RT / I learnt the recorder briefly as a kid, I had a nice wooden one, but I dropped it in the graveyard on my way back from school. I always felt embarrassed singing, when I was 7 my aunty suggested I try miming and after that I never sang in public again. I think that was a bit irresponsible of her. I had an electric organ with numbered keys and some push button chords, many a blissful hour was spent creating primitive dirges (and still is). My mother recounts a story of waking thinking she must have died being awoken by my mournful noodling on the bontempti. After I taught myself some chords on the guitar at age 12 or so I went to a classical guitar teacher however this meant I got no pocket money so that didn't last long...I was phased by the introduction of sharps and minors as well, much to the annoyance of Heather the guitar tutor, who was an Australian big on pictures of wave forms etc. So I continued with the guitar myself and was eventually given a rickety piano by a neighbor (on the promise that I wouldn’t tinker with their new one) which had to be moved to our house on the back of a trailer which was quite exciting and needless to say wasn't entirely in tune once it had been huckled into place. I don't think its particularly hurt me as a musician (especially if you don’t think of yourself as one), from what I understand for some people being taught an instrument can be a life long inoculation against music and certainly can stop you approaching an instrument as a creative vehicle.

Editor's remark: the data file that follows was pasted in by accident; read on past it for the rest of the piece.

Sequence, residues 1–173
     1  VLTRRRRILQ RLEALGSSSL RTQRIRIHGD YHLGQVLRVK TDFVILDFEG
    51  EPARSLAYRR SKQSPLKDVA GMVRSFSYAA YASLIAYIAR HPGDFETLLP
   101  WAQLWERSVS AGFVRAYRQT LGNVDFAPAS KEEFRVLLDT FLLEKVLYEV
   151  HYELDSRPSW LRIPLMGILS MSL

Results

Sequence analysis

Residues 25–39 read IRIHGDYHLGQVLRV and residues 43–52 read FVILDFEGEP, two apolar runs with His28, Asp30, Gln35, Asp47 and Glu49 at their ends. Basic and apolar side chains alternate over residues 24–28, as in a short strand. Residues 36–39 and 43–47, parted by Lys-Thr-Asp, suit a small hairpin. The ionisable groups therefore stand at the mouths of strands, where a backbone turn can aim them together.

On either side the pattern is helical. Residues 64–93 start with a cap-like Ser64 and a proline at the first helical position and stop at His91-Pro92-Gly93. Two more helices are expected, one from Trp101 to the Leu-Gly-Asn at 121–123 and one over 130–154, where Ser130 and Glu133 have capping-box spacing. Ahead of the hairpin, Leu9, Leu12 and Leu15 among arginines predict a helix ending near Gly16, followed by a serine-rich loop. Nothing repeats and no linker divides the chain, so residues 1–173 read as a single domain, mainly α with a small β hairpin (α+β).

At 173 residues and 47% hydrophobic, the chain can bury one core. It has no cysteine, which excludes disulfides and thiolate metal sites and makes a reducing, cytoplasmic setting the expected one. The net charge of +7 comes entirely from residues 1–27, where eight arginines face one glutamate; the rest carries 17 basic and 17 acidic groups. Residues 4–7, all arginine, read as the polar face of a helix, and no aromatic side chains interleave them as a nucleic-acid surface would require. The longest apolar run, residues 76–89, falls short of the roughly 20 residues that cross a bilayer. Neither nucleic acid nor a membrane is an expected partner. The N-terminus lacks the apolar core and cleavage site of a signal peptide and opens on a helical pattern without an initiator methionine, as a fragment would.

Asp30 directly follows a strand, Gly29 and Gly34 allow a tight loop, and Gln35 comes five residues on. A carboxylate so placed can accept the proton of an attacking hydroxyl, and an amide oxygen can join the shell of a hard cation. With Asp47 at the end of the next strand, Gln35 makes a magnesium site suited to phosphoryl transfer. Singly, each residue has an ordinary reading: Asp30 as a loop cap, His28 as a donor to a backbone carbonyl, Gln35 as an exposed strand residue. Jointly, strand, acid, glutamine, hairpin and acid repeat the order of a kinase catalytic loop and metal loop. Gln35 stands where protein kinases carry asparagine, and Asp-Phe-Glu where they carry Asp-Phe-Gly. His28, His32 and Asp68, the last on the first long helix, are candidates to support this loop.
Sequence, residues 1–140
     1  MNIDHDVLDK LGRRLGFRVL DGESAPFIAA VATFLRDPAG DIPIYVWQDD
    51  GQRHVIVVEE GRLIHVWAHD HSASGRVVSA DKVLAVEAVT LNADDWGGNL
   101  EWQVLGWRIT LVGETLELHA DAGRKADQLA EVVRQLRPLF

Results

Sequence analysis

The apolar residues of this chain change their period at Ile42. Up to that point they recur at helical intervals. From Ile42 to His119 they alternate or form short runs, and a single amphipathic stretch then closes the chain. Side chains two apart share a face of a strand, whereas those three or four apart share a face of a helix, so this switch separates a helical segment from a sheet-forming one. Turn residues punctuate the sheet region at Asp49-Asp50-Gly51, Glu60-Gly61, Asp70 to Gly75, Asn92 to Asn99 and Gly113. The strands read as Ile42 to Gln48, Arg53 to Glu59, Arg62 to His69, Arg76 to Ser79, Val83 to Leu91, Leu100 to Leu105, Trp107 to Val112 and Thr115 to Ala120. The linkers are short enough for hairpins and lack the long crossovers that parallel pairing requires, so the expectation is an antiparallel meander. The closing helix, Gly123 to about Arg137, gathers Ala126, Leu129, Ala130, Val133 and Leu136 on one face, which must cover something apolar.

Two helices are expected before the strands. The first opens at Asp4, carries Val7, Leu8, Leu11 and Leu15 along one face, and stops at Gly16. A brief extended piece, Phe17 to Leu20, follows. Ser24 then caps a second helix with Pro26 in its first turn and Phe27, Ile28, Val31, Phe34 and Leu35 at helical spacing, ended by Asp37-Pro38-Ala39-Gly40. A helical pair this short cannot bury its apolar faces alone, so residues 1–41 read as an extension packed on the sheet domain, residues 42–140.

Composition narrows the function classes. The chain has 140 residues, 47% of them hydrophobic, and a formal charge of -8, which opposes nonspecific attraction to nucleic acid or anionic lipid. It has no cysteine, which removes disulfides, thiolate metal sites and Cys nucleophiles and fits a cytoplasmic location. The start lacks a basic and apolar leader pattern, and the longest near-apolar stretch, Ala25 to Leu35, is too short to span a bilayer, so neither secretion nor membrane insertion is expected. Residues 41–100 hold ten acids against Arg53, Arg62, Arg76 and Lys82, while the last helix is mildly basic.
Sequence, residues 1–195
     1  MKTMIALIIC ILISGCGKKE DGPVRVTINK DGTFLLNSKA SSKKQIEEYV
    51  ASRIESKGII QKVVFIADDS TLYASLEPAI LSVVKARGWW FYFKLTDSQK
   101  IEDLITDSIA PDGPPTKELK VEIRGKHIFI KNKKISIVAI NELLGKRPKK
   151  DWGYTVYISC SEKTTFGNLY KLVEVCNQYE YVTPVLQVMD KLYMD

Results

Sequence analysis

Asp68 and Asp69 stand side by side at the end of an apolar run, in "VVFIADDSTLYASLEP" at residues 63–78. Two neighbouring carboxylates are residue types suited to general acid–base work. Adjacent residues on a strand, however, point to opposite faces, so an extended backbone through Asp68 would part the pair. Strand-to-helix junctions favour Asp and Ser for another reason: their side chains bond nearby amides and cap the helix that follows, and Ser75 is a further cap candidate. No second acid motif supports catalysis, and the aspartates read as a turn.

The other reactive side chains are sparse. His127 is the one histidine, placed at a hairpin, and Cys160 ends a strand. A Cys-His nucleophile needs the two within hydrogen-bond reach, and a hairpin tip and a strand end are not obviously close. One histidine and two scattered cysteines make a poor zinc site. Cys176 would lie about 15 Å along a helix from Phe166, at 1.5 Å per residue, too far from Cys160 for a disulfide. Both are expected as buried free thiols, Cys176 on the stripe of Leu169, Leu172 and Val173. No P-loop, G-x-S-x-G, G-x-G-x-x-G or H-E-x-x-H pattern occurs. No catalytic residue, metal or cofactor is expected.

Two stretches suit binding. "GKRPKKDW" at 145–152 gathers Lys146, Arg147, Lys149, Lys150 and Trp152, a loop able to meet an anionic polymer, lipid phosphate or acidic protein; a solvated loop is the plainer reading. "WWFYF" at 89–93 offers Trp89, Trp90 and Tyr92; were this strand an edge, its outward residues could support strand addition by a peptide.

SJ / What instruments do you consider yourself proficient at & what instrument would you most like to pick up?